On expected lines, the Reserve Bank of India (RBI) left the repo rate unchanged at 6.5% for the third time in a row amid concerns over rise in inflation.
GS III: Indian Economy
Dimensions of the Article:
- Recent Monetary Policy and RBI Decisions
- Instruments of Monetary Policy
- About Monetary Policy Committee (MPC)
Recent Monetary Policy and RBI Decisions:
Policy Repo Rate and CRR:
- The Monetary Policy Committee (MPC) maintained the policy repo rate at 6.5%.
- The Cash Reserve Ratio (CRR) remained unchanged at 4.5%.
Incremental Cash Reserve Ratio (I-CRR):
- RBI directed banks to maintain an I-CRR of 10% to manage excess liquidity.
- This move aims to withdraw surplus liquidity from the banking system, amounting to over Rs 1 lakh crore.
Inflation and Monetary Stance:
- RBI continues with its “withdrawal of accommodation” stance, indicating a cautious approach until inflation risks subside.
Conversational Payments on UPI:
- RBI proposed the introduction of “conversational payments” on UPI.
- Users can interact with an AI-powered system to initiate and complete transactions.
- The feature will initially support conversations in Hindi and English.
Offline Transactions with NFC:
- RBI plans to enable offline transactions using Near Field Communication (NFC) technology.
- This innovation will facilitate payments in scenarios with weak connectivity.
Increased Transaction Limit for Small Value Payments:
- Per transaction limit raised to Rs 500 from Rs 200 for small value digital payments in offline mode.
- Applicable to National Common Mobility Card and UPI Lite.
Instruments of Monetary Policy
There are several direct and indirect instruments that are used for implementing monetary policy.
- Repo Rate: The (fixed) interest rate at which the Reserve Bank provides overnight liquidity to banks against the collateral of government and other approved securities under the liquidity adjustment facility (LAF).
- Reverse Repo Rate: The (fixed) interest rate at which the Reserve Bank absorbs liquidity, on an overnight basis, from banks against the collateral of eligible government securities under the LAF.
- Liquidity Adjustment Facility (LAF): The LAF consists of overnight as well as term repo auctions. Progressively, the Reserve Bank has increased the proportion of liquidity injected under fine-tuning variable rate repo auctions of range of tenors. The aim of term repo is to help develop the inter-bank term money market, which in turn can set market based benchmarks for pricing of loans and deposits, and hence improve transmission of monetary policy. The Reserve Bank also conducts variable interest rate reverse repo auctions, as necessitated under the market conditions.
- Marginal Standing Facility (MSF): A facility under which scheduled commercial banks can borrow additional amount of overnight money from the Reserve Bank by dipping into their Statutory Liquidity Ratio (SLR) portfolio up to a limit at a penal rate of interest. This provides a safety valve against unanticipated liquidity shocks to the banking system.
- Corridor: The MSF rate and reverse repo rate determine the corridor for the daily movement in the weighted average call money rate.
- Bank Rate: It is the rate at which the Reserve Bank is ready to buy or rediscount bills of exchange or other commercial papers. The Bank Rate is published under Section 49 of the Reserve Bank of India Act, 1934. This rate has been aligned to the MSF rate and, therefore, changes automatically as and when the MSF rate changes alongside policy repo rate changes.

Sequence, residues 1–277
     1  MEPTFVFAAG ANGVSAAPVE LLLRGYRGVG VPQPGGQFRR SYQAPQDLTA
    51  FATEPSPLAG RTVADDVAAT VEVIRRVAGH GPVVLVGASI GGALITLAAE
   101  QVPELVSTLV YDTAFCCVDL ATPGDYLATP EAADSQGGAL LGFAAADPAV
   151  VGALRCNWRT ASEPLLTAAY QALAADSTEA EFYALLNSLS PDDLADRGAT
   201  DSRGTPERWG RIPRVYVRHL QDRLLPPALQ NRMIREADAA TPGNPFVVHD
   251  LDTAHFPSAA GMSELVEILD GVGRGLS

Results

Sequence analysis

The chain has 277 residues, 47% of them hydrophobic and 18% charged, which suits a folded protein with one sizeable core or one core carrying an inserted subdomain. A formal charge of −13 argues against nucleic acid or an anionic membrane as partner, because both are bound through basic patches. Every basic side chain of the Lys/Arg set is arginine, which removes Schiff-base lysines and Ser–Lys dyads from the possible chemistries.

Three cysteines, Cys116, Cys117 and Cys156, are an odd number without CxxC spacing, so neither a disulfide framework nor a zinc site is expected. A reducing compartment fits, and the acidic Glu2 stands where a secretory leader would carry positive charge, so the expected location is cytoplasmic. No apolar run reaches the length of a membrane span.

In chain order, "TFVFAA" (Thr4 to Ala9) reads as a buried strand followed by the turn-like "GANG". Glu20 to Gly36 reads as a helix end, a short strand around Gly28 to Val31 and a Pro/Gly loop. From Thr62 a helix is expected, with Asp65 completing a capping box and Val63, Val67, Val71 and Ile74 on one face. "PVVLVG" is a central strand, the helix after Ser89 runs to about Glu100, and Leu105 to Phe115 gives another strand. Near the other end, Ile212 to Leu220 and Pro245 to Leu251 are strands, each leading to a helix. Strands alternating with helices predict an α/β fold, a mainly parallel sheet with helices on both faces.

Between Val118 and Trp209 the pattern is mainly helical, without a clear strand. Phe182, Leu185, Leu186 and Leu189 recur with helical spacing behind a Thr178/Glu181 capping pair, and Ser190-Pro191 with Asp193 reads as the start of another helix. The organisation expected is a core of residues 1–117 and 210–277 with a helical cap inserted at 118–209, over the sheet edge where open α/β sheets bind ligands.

- Cash Reserve Ratio (CRR): The average daily balance that a bank is required to maintain with the Reserve Bank as a share of such per cent of its Net demand and time liabilities (NDTL) that the Reserve Bank may notify from time to time in the Gazette of India.
- Statutory Liquidity Ratio (SLR): The share of NDTL that a bank is required to maintain in safe and liquid assets, such as, unencumbered government securities, cash and gold. Changes in SLR often influence the availability of resources in the banking system for lending to the private sector.
- Open Market Operations (OMOs): These include both, outright purchase and sale of government securities, for injection and absorption of durable liquidity, respectively.
- Market Stabilisation Scheme (MSS): This instrument for monetary management was introduced in 2004. Surplus liquidity of a more enduring nature arising from large capital inflows is absorbed through sale of short-dated government securities and treasury bills. The cash so mobilised is held in a separate government account with the Reserve Bank.
About Monetary Policy Committee (MPC)
- The Monetary Policy Committee (MPC) is the body of the RBI, headed by the Governor, responsible for taking the important monetary policy decisions about setting the repo rate.
- Repo rate is ‘the policy instrument’ in monetary policy that helps to realize the set inflation target by the RBI (at present 4%).
Membership of the MPC
- The Monetary Policy Committee (MPC) is formed under the RBI with six members.
- Three of the members are from the RBI while the other three members are appointed by the government.
- Members from the RBI are the Governor who is the chairman of the MPC, a Deputy Governor and one officer of the RBI.
- The government members are appointed by the Centre on the recommendations of a search-cum-selection committee which is to be headed by the Cabinet Secretary.
Objectives of the MPC
Monetary Policy was implemented with an initiative to provide reasonable price stability, high employment, and a faster economic growth rate.
The major four objectives of the Monetary Policy are mentioned below:
- To stabilize the business cycle.
- To provide reasonable price stability.
- To provide faster economic growth.
- Exchange Rate Stability.
-Source: Indian Express